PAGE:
3. 3. The wavelength division multiplexed optical access network as claimed in claim 2, wherein the central office further comprises a band-allocation module disposed between the circulator and the broadband light source, and the band-allocation module passing light having a wavelength band through the circulator, the wavelength band obtained by excluding a wavelength band overlapped with a wavelength band of the second optical signals from a wavelength band of the light input from the broadband light source.
  4. 4. The wavelength division multiplexed optical access network as claimed in claim 1, wherein the remote node comprises a de-multiplexer for de-multiplexing optical signals multiplexed in the central office.
  5. 5. The wavelength division multiplexed optical access network as claimed in claim 1, wherein each subscriber is coupled to the remote node and comprises an optical detector for receiving a first optical signal having a corresponding wavelength from the de-multiplexed first optical signals.
  6. 6. The wavelength division multiplexed optical access network as claimed in claim 1, wherein each radio access unit comprises an optical-electric converter for converting a second optical signal having a corresponding wavelength from among the de-multiplexed second optical signals into a wireless electric signal, and an antenna for wirelessly transmitting the wireless electric signal input from the optical-electric converter.
  7. 7. The wavelength division multiplexed optical access network as claimed in claim 2, wherein the electric-optical converter comprises an RF conterver for generating a wireless electric signal with an RF frequency band into which an electric signal with a baseband is converted, and an electric-optical converter for converting the wireless electric signal into a second optical signal.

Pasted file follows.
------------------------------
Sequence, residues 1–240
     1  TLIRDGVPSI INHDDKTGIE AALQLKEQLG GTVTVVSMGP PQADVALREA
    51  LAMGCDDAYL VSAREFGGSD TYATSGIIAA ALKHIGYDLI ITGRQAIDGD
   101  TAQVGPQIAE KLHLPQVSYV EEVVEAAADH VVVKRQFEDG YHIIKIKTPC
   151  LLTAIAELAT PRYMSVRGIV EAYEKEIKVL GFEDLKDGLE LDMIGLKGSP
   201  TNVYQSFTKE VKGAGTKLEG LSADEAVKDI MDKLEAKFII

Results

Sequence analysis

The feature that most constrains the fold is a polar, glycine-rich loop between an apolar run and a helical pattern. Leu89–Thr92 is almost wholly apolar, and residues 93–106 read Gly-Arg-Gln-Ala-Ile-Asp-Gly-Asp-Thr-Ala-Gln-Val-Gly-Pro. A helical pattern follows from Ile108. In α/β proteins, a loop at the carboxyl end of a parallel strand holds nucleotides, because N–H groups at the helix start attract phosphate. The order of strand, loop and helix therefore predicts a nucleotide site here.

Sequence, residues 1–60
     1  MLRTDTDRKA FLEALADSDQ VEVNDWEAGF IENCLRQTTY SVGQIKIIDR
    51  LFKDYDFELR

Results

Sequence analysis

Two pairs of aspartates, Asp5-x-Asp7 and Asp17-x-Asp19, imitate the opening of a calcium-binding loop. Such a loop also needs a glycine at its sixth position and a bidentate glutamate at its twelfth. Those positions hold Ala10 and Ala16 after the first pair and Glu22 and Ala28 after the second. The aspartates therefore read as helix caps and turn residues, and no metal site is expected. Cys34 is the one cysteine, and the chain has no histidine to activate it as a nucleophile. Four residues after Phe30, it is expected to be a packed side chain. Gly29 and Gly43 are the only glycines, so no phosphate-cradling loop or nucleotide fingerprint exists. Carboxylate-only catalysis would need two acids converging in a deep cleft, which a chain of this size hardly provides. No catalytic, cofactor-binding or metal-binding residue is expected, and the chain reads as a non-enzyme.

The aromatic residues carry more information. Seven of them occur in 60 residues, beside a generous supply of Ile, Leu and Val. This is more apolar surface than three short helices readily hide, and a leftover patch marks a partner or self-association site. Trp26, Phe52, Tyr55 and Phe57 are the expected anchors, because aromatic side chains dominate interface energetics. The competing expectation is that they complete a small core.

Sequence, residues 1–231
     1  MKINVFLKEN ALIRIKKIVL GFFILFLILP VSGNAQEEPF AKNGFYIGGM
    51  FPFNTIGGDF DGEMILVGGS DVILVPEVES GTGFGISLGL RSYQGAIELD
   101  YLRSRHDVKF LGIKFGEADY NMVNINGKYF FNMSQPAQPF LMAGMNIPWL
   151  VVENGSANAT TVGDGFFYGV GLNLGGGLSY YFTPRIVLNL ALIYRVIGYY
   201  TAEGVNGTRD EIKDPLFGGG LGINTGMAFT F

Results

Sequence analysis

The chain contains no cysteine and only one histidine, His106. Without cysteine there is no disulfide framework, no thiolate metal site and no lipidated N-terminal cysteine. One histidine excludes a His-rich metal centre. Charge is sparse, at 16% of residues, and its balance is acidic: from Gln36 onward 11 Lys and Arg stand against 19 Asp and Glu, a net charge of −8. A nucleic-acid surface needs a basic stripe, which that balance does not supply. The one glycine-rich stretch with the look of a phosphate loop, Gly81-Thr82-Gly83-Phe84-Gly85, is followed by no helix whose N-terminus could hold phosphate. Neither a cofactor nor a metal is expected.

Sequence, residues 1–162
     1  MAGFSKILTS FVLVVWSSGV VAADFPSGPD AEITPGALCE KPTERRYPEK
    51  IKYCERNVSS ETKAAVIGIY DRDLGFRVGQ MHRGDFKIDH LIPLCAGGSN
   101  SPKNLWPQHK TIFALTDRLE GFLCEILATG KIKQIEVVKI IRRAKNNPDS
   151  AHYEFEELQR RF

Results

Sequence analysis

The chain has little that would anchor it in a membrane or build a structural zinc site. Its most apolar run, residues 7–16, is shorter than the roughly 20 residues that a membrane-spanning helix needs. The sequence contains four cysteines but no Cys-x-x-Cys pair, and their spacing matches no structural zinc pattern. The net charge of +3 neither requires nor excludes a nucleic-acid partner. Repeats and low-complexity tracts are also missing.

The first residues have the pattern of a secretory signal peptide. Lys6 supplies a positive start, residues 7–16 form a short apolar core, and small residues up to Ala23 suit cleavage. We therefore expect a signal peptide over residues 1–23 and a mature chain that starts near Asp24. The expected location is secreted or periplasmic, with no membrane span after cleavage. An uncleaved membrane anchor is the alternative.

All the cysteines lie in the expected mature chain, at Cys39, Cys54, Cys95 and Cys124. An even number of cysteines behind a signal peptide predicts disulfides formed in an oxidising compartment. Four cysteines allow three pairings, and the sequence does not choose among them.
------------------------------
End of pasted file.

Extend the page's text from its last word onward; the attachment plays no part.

8. 8. The wavelength division multiplexed optical access network as claimed in claim 6, wherein the optical-electric converter comprises a photo diode for detecting a corresponding second optical signal.
  9. 9. The wavelength division multiplexed optical access network as claimed in claim 7, wherein the electric-optical converter comprises a semiconductor laser for converting a corresponding wireless electric signal into a second optical signal.
  10. 10. The wavelength division multiplexed optical access network as claimed in claim 7, wherein the electric-optical converter comprises an external modulator for converting a corresponding wireless electric signal into a second optical signal.
  11. 11. A passive optical access network employing a wavelength locking method, the passive optical access network comprising:
    a central office for multiplexing first downstream optical signals for wire communication and second downstream optical signals for wireless communication into downstream optical signals to be output;
    a remote node, coupled to the central office via an optical fiber, for de-multiplexing a multiplexed downstream optical signal received from the central office, the remote node outputting multiplexed upstream optical signals to the central office;
    a plurality of subscribers coupled to the remote node, each subscriber receiving the de-multiplexed first optical signal having a corresponding wavelength from the de-multiplexed first optical signals and outputting a wavelength-locked upstream optical signal to the central office through the remote node; and